That means that all you're left with is the game, which isn't special. The bulk of the gameplay is spent in an isometric overhead view, which features a simplified version of the beat-'em-up gameplay from prior No More Heroes titles. You can use a quick attack while running around and a slower power attack that locks you into place, and you can also jump and dodge. You'll occasionally power up a super move, which smashes a bunch of enemies and gains power when you use it without taking damage. There isn't much more to the combat than that. You can pop in a second player to add some extra button-mashing, but once you learn the basics, you won't get much more from it.


The more interesting system in the game is the skill chip system, which allows you to equip cooldown-based abilities to grant Travis special attacks or abilities. Some of these are powerful weapons that can inflict heavy damage or stun enemies. Others are utility-based, like healing or a dash. It's fun to customize your character and figure out the combination of skills that lets you obliterate the hordes of mindless enemies. Unfortunately, once you find a few winning skills, you probably won't swap much, and the game doesn't do enough to encourage flexibility. I enjoyed finding new skills to see what ability sets I could create.

The game isn't actively bad, but it also isn't very fun most of the time. The isometric view clearly feels like it's trying to hearken back to indie games but without anything that actually gives it personality. It's basically on par with a mid-tier mobile game in terms of gameplay investment. The game makes jokes about its lack of a budget, but those only serve as a diversion from the fact that in another No More Heroes title, there would've been an absurd boss fight instead of another mindless button-mashing skirmish. The boss battles are the highlight of the game, but they're not special, either.

No More Heroes leaned on the idea of tedium as a part of the game. The first game had you swap between doing menial jobs to earn money for the absurd boss fights, and that felt like a part of the game, even if it wasn't fun. If Travis Strikes Again is attempting the same thing, the lack of style means that the tedium outweighs the absurdity. The snippets of Suda 51 style that you encounter spend far too much time in the genuinely boring gameplay, and the reward lacks the excitement of NMH's boss battles.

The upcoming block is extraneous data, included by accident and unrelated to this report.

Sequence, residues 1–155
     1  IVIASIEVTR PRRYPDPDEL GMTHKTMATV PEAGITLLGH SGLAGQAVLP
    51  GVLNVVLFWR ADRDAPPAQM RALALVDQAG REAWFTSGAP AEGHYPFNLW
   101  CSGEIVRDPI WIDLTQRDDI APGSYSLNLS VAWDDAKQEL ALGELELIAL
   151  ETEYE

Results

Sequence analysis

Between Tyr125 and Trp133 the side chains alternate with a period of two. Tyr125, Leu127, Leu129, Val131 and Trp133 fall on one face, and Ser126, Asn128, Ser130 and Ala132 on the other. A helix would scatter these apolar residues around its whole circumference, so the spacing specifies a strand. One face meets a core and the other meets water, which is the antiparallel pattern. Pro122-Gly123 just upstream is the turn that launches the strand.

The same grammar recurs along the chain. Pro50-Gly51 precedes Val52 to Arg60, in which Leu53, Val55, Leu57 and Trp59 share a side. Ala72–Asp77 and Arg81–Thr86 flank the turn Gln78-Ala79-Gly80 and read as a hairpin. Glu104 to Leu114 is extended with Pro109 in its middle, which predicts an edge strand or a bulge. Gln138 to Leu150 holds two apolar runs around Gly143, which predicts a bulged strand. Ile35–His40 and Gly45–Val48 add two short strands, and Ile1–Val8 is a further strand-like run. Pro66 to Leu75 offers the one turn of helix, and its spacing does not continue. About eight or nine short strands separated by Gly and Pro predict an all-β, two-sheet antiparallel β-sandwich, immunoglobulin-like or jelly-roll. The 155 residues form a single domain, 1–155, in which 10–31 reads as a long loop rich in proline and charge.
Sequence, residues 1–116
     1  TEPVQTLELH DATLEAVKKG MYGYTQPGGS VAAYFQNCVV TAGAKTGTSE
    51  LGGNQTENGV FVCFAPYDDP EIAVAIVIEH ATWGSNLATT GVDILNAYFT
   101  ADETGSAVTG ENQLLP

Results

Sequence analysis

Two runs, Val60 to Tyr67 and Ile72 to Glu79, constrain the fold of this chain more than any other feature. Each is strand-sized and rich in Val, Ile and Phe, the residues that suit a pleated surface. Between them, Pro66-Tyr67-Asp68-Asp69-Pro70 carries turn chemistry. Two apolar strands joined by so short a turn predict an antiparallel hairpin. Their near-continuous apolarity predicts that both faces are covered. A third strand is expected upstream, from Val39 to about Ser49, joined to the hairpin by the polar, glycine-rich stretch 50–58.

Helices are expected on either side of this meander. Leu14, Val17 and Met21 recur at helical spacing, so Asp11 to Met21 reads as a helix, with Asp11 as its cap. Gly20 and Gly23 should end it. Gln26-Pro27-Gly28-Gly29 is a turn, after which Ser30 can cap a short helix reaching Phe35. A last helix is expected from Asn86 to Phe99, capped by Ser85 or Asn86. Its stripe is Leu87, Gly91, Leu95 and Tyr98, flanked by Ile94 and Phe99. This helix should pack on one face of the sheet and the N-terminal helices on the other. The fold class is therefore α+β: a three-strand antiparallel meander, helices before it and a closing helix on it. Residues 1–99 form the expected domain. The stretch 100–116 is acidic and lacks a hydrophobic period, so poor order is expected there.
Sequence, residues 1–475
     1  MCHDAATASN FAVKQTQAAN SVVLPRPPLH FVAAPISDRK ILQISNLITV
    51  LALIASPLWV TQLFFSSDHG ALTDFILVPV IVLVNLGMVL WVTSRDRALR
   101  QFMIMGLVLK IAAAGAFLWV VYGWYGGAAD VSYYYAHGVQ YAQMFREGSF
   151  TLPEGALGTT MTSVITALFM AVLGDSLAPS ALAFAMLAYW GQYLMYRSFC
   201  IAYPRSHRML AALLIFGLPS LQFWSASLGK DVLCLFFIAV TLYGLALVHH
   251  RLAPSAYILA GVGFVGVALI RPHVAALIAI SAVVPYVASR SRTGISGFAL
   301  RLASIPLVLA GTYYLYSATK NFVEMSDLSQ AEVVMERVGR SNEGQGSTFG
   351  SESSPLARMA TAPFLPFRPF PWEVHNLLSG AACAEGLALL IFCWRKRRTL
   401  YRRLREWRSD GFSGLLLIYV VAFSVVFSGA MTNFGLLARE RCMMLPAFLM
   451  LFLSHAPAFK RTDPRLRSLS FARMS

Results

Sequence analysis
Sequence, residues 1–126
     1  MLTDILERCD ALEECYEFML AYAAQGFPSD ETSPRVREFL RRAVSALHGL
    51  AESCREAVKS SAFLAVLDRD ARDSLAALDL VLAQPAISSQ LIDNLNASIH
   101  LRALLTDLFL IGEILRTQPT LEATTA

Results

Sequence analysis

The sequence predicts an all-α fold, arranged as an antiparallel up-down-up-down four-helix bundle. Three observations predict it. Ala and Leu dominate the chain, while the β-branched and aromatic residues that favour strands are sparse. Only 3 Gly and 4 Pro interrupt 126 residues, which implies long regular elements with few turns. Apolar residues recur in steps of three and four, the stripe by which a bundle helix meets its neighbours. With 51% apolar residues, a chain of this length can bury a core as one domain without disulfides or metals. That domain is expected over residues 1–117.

Visually, Travis Strikes Again isn't impressive. The environments are largely boring and interchangeable, and I couldn't tell apart half of the enemies in the game. The animations are nice enough, and the game flows smoothly, but the most interesting moments are the cut scenes and occasional foray into different graphical styles. The soundtrack is reasonably enjoyable, but nothing stands out too much. It usually fades into the background, which is about all one can expect.

Travis Strikes Again: No More Heroes feels less like a passion project and more like an obligation to return to an old hit. It has some of the same style and punk feeling of the Wii original — but much less of it. Instead, it feels spread out far too thin, and the moments of tedium tend to outweigh the absurdity that made the previous game so enjoyable. There's some fun to be had here, and fans will probably be glad to get a chance to see Travis one more time, but it's certainly not the No More Heroes sequel they were waiting for. However, there are some hints that Travis Strikes Again is just a prelude to something more.

Score: 6.0/10